Bellaver v. Quanex Corp./Nichols Homeshield

Decision Date18 January 2000
Docket NumberNo. 98-3708,98-3708
Citation200 F.3d 485
Parties(7th Cir. 2000) Elizabeth C.O. Bellaver, Plaintiff-Appellant, v. Quanex Corp./Nichols-Homeshield, Defendant-Appellee
CourtU.S. Court of Appeals — Seventh Circuit

Appeal from the United States District Court for the Northern District of Illinois, Eastern Division. No. 97 C 7637--Charles R. Norgle, Sr.,Judge. [Copyrighted Material Omitted]

[Copyrighted Material Omitted] Before Kanne, Diane P. Wood and Evans, Circuit Judges.

Kanne, Circuit Judge.

Elizabeth Bellaver's departure from her employer of twenty years, the Quanex Corp. of Houston, Texas, came at a time of significant reorganization for the company. Ordinarily, economic downturns and shakeups provide an employer great latitude in making personnel decisions. However, Congress refuses to afford an employer at any time--economically fortuitous or economically disastrous--the right to discriminate on the basis of sex, which is the question at the heart of this complaint.

After being discharged by Quanex, Bellaver sued under Title VII of the Civil Rights Act ("Act"), claiming that she was fired because her employer disapproved of her aggressive and sometimes abrasive style while permitting the same characteristics in male employees. Quanex contends that Bellaver was the victim of an economic reorganization that had more to do with her position than her person. On that theory, the district court granted Quanex summary judgment. We review the district court's decision de novo and reverse.

I. History
A. Quanex Corp.

The defendant in this case, Quanex Corp., is a Houston-based company engaged in the manufacture of metal products with offices and facilities in several states. In 1989, it acquired Nichols- Homeshield, Inc., and its Homeshield Fabricated Products Division ("HFP"). Nichols-Homeshield specialized in the production of a wide variety of aluminum products, while HFP focused on products for home remodeling. HFP had administrative offices near St. Charles, Illinois, and a production facility 100 miles away in Chatsworth, Illinois. In 1997, Quanex merged HFP with AMSCO, another division which specialized in products used in the manufacture and installation of windows.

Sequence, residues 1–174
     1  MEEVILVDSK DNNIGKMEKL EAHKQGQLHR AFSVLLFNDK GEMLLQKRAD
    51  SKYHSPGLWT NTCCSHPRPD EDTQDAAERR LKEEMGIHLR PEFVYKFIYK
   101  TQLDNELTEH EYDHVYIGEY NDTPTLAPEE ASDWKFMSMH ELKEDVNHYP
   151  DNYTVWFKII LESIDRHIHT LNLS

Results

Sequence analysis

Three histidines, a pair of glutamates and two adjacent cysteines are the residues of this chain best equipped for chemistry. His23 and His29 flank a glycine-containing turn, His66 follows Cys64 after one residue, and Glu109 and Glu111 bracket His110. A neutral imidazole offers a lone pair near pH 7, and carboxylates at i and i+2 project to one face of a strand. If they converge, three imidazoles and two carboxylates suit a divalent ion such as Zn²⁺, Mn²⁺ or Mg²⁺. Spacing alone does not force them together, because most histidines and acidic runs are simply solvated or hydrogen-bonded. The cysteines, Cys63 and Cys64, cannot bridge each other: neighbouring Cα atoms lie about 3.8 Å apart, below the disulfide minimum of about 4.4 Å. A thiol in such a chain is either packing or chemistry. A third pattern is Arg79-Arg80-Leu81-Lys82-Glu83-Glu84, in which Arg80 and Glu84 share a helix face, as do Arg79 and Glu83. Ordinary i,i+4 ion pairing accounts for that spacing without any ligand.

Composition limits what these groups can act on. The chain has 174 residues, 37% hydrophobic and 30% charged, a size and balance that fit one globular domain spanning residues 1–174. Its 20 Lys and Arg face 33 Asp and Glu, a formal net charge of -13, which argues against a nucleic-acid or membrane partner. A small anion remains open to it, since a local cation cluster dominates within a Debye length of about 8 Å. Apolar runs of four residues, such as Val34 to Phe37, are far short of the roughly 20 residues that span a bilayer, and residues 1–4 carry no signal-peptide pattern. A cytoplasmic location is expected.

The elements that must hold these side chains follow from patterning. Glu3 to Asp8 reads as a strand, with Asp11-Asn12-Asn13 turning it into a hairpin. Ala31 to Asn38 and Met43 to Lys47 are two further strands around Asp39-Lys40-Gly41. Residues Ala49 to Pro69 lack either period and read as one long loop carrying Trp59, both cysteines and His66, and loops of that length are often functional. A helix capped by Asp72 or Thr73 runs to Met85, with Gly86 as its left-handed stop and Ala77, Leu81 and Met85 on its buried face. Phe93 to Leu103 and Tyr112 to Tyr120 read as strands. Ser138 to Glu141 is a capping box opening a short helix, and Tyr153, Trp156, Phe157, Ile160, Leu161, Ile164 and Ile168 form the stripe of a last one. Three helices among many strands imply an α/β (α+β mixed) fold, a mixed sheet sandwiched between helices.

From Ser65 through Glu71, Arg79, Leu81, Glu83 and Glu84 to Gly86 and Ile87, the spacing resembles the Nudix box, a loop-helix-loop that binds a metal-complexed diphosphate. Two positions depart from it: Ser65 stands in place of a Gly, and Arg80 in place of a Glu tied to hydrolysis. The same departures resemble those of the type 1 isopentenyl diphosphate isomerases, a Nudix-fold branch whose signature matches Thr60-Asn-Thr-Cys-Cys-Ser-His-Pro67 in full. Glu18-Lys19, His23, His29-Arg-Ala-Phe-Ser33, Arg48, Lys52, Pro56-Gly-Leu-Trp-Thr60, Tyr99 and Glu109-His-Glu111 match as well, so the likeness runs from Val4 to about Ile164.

During the various acquisitions and mergers, Quanex, like many modern companies, found it fiscally beneficial to eliminate and consolidate positions and layoff some employees. Specifically, the restructuring meant the closing of a Nichols-Homeshield office in Illinois and the transfer or consolidation of those jobs to Texas. In 1991 and 1992, six Nichols employees were laid off, but never more than one in any month. Quanex attributed these layoffs to the restructuring and called them "reductions in force" ("RIFs"), a term of art in employment law meaning the positions were eliminated and the employees not replaced. In March 1993, another employee was laid off, but in April 1993, the sporadic restructuring became a full-fledged wave of pink slips when ten employees were terminated. The second wave hit the next month when five employees were let go. Both of these waves of layoffs also were characterized as RIFs.

In 1994, no one from the Nichols operation was laid off; and in 1995 and 1996, only one employee was laid off each year. On March 18, 1997, Quanex laid off Elizabeth C.O. Bellaver, HFP's business development manager, in what Quanex characterized as a one-person reduction-in-force.

B. Elizabeth C.O. Bellaver

Bellaver began work as an Ohio-based "field sales representative" for Nichols-Homeshield in 1977, covering a territory that spanned seven states plus Ontario, Canada. In 1983, she received a master's in business administration from Kent State University, and in 1985, she moved with her family to St. Charles where she became a marketing manager for Nichols- Homeshield. Her responsibilities in the new position greatly exceeded her former duties in sales and included marketing research, distribution, economic forecasting, advertising, promotions and planning. In 1988, the company promoted her to "Product Manager, Engineered Products" in the HFP division with responsibility for five product lines. In 1992, Bellaver was promoted again, this time to "Product Manager" in charge of twelve product lines. In this position, she reported to Michael Penny, the vice president and general manager of the HFP division.

In 1995, the possibility arose that the product manager position for HFP would be transferred from St. Charles to Chatsworth. Bellaver told Penny she would be willing to commute to keep the job, but according to Bellaver's testimony, Penny responded that "it would not work well for [Bellaver and her] family." Another employee, a man named Doug Seanor, also talked to Penny about commuting for the job. Seanor, who lived with his family near St. Charles in Geneva, Illinois, testified that Penny indicated that he could have the job if he wanted it, and commuting was not a problem so long as he was at work from 8:00 a.m. to 5:00 p.m. Penny denied Seanor's version of events and said he did not offer the job to Seanor. Penny claimed he expressed the same concern about Seanor commuting as he did Bellaver. A second woman from outside the company also interviewed for the job but was rejected in favor of a male employee who already worked at the Chatsworth facility.